Thoughts on the Queen’s Speech

Perhaps most notable about the Queen’s Speech earlier today was that which was omitted, rather than that which was included. No mention of the manifesto pledges on fox hunting, grammar schools, the triple lock on pensions, free school meals or the Winter Fuel allowance, only highlights the weakness of Theresa May’s government, not being too controversial to ensure that she can keep her job as Prime Minister.

Out of that which was included, most significant was that on Brexit and our future relations with the European Union.

My government’s priority is to secure the best possible deal as the country leaves the European Union. My ministers are committed to working with Parliament, the devolved administrations, business and others to build the widest possible consensus on the country’s future outside the European Union.

Incredibly vague, this tells us very little about Mrs May’s, Mr Johnson’s and Mr Davis’ specific aims for the negotiations, such as that about the environment as Caroline Lucas pointed out. The ‘best possible deal’ is certainly not the hard Brexit, outside of the single market and customs union, that was advocated by the Conservatives in the lead up to the General Election. It is also not no deal, which would force the UK onto WTO rules, decimating the economy. Such an outcome would result in 30% tariffs on confectionary goods, 32% tariffs on wine, 9.8% tariffs on cars, 12.8% tariffs on wheat products and, consequently, an estimated annual cost of £9 billion to British consumers. Whilst Mrs May wants to ‘build the widest possible consensus’, she won’t allow there to be consensus on the acceptance or rejection of the Brexit deal through letting the people have the final say rather than the politicians.

We’re also told that May’s government would introduce measures against discrimination, in all of its forms.

My government will make further progress to tackle the gender pay gap and discrimination against people on the basis of their race, faith, gender, disability or sexual orientation.

The coalition government between the Liberal Democrats and the Conservatives achieved the legalisation of gay marriage, a brilliant and progressive policy. This was, however, opposed by many of the leading members of May’s government: Michael Fallon (Defence Secretary), David Davis (Brexit Secretary), Liam Fox (International Trade Secretary), Priti Patel (International Development Secretary), Alun Cairns (Welsh Secretary) and David Lidington (Lord Chancellor and Justice Secretary). Either Mrs May is not sincere about tackling discrimination or she does not have the power to choose the ministers that support her agenda. Considering that the Conservatives have cut benefits for the disabled,  maybe they could begin by reversing their own legislation.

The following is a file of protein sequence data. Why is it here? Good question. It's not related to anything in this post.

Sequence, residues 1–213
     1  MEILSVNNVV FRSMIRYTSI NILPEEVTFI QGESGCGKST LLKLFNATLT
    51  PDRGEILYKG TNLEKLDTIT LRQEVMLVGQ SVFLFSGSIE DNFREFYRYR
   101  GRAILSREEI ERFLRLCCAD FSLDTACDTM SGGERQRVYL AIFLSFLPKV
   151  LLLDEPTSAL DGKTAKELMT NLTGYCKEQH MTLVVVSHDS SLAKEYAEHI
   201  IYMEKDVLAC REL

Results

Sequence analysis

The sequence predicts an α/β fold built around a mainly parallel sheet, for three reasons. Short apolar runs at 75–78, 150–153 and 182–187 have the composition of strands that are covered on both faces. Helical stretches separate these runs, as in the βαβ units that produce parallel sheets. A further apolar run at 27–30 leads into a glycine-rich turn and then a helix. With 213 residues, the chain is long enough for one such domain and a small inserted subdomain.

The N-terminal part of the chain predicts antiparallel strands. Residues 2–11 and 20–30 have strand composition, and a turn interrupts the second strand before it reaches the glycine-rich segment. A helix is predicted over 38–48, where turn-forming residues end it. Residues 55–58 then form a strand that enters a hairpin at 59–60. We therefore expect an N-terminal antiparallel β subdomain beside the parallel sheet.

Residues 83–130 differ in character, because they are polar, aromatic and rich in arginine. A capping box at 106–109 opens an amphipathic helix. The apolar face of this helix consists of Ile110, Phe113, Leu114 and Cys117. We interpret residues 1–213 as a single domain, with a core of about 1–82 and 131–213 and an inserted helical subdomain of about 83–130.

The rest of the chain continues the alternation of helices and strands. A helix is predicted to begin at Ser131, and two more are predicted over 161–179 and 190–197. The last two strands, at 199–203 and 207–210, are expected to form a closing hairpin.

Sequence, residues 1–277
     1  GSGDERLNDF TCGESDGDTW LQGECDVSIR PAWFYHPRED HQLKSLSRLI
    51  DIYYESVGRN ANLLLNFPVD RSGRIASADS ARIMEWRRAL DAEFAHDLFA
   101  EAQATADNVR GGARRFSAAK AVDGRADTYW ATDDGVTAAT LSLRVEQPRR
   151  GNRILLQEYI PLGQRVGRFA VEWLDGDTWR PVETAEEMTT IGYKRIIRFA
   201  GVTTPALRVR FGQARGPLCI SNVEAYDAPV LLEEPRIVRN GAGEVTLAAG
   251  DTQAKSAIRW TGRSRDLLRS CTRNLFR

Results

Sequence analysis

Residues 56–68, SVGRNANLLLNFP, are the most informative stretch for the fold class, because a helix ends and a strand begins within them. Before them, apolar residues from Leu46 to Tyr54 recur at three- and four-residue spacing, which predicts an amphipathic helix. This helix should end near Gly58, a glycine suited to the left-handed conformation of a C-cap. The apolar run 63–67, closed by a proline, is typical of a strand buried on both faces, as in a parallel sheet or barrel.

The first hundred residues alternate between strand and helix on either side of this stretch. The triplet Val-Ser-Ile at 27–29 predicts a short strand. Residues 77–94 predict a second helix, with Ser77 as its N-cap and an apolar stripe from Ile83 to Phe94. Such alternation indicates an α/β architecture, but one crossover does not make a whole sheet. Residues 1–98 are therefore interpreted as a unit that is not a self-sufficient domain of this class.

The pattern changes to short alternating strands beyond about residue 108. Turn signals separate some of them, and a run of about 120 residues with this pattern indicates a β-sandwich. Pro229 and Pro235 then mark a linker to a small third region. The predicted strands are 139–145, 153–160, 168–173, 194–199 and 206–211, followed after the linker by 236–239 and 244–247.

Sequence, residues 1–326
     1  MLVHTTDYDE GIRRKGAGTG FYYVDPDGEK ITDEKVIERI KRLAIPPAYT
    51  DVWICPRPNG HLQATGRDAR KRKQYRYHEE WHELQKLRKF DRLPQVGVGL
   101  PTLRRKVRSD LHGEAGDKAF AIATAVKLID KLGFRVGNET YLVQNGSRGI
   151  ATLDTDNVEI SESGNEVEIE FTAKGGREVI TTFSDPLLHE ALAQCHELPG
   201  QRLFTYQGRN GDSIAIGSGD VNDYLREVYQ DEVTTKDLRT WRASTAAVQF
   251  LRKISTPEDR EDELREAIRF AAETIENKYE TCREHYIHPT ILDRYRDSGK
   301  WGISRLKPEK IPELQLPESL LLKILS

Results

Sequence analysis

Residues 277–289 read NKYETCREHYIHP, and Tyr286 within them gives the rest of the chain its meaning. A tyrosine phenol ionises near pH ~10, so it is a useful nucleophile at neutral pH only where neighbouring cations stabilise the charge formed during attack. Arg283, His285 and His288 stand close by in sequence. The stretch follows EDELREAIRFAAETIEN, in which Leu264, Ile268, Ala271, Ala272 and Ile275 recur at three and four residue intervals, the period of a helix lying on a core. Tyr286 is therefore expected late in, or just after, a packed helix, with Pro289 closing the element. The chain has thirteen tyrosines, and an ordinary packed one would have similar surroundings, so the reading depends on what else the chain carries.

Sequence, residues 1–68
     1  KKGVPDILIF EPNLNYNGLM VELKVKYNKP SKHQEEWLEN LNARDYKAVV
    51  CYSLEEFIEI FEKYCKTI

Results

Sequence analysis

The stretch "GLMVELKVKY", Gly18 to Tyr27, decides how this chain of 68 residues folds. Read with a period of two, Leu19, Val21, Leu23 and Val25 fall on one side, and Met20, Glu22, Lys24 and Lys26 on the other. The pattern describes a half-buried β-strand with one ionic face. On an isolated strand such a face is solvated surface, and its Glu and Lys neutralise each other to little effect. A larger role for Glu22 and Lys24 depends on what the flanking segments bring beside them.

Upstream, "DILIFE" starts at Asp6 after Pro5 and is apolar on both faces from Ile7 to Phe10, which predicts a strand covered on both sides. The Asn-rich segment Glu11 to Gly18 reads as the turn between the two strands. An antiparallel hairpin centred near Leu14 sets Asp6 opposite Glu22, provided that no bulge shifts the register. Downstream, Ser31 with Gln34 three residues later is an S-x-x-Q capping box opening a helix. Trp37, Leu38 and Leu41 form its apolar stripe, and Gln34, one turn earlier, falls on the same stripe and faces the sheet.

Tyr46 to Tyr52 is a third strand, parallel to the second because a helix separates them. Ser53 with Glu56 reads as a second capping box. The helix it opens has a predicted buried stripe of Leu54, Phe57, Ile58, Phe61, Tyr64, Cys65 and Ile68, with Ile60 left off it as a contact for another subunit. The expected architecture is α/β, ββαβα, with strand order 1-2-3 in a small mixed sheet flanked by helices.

Also included was the issue of Northern Ireland, which attempted to address concerns about the ability of the government to be impartial  considering that they are trying to do a deal with the DUP.

My government will work in cooperation with the devolved administrations, and it will work with all of the parties in Northern Ireland to support the return of devolved government.

Perhaps the greater time given to Northern Ireland in the speech is an indicator of its prioritisation for the next 2 years, as Mrs May’s premiership will be at the mercy of the 10 DUP MPs. Against the Good Friday Agreement, the potential confidence and supply arrangement threatens the peace in Northern Ireland. Whilst she may aim to ‘work with all of the parties’, it seems inevitable that the Conservative minority government will end up working with some more than others.

The final part of the speech that I will comment on is that on social care. However brief its mention in the Queen’s Speech, it was one of the most controversial parts of the Conservative manifesto and was also one of the contributing factors to the Conservatives losing their majority.

My ministers will work to improve social care and will bring forward proposals for consultation.

The comment (above) is notably very tentative, not directly addressing the ‘Dementia Tax’. What the ‘proposals’ are remains unknown. As I am watching the Queen’s Speech debate, Norman Lamb has just noted about the gap between the Conservative’s rhetoric and the reality. Whilst they state that they want to  improve social and mental health care, the reality is that there are 15% fewer mental health nurses under the Tories, those who have Dementia were threatened by having to pay for their care under the Tory manifesto and the number of those receiving social care services – through local council funding – has fallen by 26%.

The full transcript of the Queen’s Speech can be found by clicking here and if you would like to talk about what would be in your own Queen’s Speech you should visit Liberal Democrat Voice, which is having a discussion about it. There is plenty more to say on the speech, such as about climate change and terrorism, however, I do not have the time nor space to cover everything.

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